It can get more cosmic than this, but I will resist my urge to go on about the metaphysical insights gained from moving furniture around.

“Care for our actual houses,” writes Thomas Moore, “is also care of the soul. No matter where we live, we can cultivate this wider piece of earth as a place that is integrally bound to the conditions of our hearts.” But, then, the Chinese knew that all along.


Want to know more? I highly recommend Move Your Stuff, Change Your Life by Karen Rauch Carter which is written with the Western reader in mind.

1. Do not take advice from uninformed sources.

2. Do not confuse an expense with an investment.

3. What I don’t know can be learned…or hired.

4. Personal growth is a daily discipline.

5. Do not confuse a project with a dream.

6. Do not declare failure just because you’ve run out of patience.

7. There’s a difference between risk and calculated risk.

8. Negative thinking makes everything harder.

9. Authentic gratitude makes everything easier.

There are hundreds of perfectly smart reasons to be joyfully jobless, not the least of which is that people who are doing work that they love tend to be, well, more loving and joyful. Want to bring more fun and joy to your business? Here are a few well-tested ideas.

Keep having Firsts. Challenge yourself to do things you’ve never done before. It can be as simple as trying a new food or taking a yoga class. This is harder to do than you may think since we humans tend to build habits and then operate in familiar territory. Having Firsts requires conscious, creative effort.

Exercise your entrepreneurial thinking to keep it in shape. You build entrepreneurial muscle by studying other enterprises, by acquiring new skills, by taking risks. Just like physical fitness, it needs to be a daily activity if you want maximum results.

Don’t be afraid to be whimsical. Small businesses shouldn’t look like miniature corporations. Lighten up. Create a costume and wear it when you work. Have toys or a guitar in your office for play breaks. And if whimsy’s not your style, purposely do something out of character once in a while.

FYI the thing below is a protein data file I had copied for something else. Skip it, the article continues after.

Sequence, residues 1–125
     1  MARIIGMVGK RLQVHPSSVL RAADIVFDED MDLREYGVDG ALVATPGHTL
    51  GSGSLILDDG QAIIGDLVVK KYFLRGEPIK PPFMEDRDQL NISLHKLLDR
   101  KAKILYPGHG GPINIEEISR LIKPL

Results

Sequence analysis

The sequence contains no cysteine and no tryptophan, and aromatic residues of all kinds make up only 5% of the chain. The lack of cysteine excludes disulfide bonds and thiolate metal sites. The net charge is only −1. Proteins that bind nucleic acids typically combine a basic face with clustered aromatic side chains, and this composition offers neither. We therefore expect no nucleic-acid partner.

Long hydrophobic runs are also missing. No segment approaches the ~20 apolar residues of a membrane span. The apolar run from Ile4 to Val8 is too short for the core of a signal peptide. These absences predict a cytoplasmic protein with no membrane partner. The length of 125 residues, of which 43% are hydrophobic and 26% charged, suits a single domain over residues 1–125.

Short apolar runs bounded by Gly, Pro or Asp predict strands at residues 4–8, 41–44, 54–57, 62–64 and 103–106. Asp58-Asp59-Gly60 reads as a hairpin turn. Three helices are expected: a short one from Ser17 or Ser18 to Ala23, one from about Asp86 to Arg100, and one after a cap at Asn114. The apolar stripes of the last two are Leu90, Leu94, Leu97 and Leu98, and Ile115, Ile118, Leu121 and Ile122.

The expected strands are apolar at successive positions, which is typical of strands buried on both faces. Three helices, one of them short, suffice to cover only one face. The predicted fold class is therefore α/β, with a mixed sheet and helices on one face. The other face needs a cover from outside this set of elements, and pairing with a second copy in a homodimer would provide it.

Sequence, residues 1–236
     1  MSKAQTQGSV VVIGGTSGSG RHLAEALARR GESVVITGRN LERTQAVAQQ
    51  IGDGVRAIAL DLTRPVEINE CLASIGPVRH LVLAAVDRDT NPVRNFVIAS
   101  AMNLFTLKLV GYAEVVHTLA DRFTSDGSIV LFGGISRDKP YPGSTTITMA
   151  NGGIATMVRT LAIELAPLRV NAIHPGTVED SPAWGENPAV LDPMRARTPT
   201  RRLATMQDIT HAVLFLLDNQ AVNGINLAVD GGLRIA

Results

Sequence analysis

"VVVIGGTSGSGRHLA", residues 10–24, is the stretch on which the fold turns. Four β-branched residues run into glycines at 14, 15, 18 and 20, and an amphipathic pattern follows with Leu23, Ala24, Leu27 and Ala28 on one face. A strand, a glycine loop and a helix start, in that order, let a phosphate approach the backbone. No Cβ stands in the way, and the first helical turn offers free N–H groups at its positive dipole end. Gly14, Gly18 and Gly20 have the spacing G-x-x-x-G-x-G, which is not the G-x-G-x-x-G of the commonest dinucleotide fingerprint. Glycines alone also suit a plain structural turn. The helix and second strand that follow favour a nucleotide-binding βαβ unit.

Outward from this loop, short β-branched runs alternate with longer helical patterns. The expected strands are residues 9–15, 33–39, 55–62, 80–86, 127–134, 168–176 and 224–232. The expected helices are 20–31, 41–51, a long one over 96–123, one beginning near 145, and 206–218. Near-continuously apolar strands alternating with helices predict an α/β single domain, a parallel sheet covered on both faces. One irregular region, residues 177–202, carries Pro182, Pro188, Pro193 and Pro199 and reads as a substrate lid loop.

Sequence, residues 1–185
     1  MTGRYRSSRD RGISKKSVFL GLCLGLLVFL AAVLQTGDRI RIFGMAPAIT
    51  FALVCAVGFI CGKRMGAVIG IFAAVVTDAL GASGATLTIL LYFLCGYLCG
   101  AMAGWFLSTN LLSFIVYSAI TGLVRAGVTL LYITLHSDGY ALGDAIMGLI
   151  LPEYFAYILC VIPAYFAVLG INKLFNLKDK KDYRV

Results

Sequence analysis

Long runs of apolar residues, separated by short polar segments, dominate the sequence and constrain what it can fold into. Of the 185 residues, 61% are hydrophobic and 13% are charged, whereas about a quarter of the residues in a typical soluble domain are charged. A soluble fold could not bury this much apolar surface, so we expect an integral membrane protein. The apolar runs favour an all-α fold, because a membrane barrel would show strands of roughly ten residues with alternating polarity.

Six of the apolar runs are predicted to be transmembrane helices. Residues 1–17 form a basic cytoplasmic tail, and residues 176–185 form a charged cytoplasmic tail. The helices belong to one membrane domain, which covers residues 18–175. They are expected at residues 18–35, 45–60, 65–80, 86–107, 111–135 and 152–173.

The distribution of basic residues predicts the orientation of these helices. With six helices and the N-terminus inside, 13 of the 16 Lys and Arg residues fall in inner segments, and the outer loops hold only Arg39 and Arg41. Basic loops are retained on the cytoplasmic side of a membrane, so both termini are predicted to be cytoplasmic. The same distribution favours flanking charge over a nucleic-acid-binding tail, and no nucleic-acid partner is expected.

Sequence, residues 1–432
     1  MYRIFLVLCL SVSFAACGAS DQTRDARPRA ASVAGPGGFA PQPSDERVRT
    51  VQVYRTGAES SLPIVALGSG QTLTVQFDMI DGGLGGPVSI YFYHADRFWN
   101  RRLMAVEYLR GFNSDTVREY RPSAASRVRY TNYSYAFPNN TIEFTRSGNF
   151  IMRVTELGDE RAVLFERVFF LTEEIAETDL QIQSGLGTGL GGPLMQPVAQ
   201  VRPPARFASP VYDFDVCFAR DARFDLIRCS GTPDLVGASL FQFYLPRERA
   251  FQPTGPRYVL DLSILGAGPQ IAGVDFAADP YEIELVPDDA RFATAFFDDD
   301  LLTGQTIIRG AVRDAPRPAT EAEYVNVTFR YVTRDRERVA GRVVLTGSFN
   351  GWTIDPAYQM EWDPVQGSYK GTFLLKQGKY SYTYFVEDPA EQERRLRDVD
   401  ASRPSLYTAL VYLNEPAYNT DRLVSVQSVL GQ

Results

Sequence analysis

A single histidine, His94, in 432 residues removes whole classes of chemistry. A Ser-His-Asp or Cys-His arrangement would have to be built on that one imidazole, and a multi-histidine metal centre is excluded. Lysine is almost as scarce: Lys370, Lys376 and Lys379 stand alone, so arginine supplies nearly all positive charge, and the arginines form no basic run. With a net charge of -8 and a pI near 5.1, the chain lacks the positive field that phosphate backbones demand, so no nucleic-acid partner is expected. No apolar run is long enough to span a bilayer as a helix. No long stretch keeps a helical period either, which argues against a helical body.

Celebrate all victories and milestones. One of my favorite celebrations comes from Karyn Ruth White. When she had been in business for 6 months, she sent herself 6 roses with a congratulatory card. At the one-year anniversary, she increased that to a dozen. She’s continued the tradition although she topped off the size of the bouquet at a dozen and a half. Find your own way to celebrate your progress.

Turn ordinary chores into satisfying rituals. Got bills to pay? Instead of gritting your teeth, light a candle, put on some lovely music, pour a cup of tea and make it an event. Slow down and express gratitude for your current abundance. Look for ways to make the most mundane chores fun…or at least pleasant.

Plan Joyfully Jobless gatherings. Find five other self-bossers that like each other and let each one plan a monthly gathering just to have fun. You could find yourself salsa dancing one month and picnicking in a park the next. Hanging out with other entrepreneurs can be a lovely tonic, but don’t wait for somebody else to get things rolling.

Support that which supports you. This has been my personal and business policy for a long time and it hasn’t failed me yet. It’s partly a way of putting values to work and partly a way to acknowledge people who are helpful or enthusiastic customers and clients. This also has application when it comes to personal behavior.

Be kind. Stephen Covey writes that when we commit an act of kindness our endorphin level goes up. Likewise, when we receive a kindness it raises our levels. However, it’s also been found that if we merely witness an act of kindness, it raises endorphin levels, too. So go ahead and spread kindness around.

There is no question that a playfully light attitude is characteristic of creative individuals. ~ Mihalyi Czikszentmihalyi


Everyone going down the road to making a living without a job immediately encounters a sign saying, “Exit Your Comfort Zone Now.” Not surprisingly, many would-be explorers turn around at that point and return to whatever cocoon they have left. Since many people dislike being uncomfortable—even temporarily—they never discover what’s on the other side of their discomfort.

Is it possible to live your dream and stay in your Comfort Zone? It doesn’t appear so. I’ve been unable to find a single instance where that’s been done. Even those who have achieved a large part of their dream are constantly having to stretch a bit farther by checking out the unfamiliar.